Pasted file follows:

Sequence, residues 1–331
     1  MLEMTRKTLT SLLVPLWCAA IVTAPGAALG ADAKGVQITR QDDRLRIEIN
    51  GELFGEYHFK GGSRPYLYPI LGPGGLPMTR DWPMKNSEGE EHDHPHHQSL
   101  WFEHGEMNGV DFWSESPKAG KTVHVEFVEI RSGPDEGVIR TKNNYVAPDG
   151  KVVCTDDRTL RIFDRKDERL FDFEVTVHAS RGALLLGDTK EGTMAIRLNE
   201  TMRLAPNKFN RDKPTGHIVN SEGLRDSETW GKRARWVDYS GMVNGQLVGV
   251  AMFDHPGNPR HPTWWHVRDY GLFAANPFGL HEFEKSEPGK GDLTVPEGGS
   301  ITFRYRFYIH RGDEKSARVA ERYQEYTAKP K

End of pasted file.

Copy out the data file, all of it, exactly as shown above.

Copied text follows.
Sequence, residues 1–331
     1  MLEMTRKTLT SLLVPLWCAA IVTAPGAALG ADAKGVQITR QDDRLRIEIN
    51  GELFGEYHFK GGSRPYLYPI LGPGGLPMTR DWPMKNSEGE EHDHPHHQSL
   101  WFEHGEMNGV DFWSESPKAG KTVHVEFVEI RSGPDEGVIR TKNNYVAPDG
   151  KVVCTDDRTL RIFDRKDERL FDFEVTVHAS RGALLLGDTK EGTMAIRLNE
   201  TMRLAPNKFN RDKPTGHIVN SEGLRDSETW GKRARWVDYS GMVNGQLVGV
   251  AMFDHPGNPR HPTWWHVRDY GLFAANPFGL HEFEKSEPGK GDLTVPEGGS
   301  ITFRYRFYIH RGDEKSARVA ERYQEYTAKP K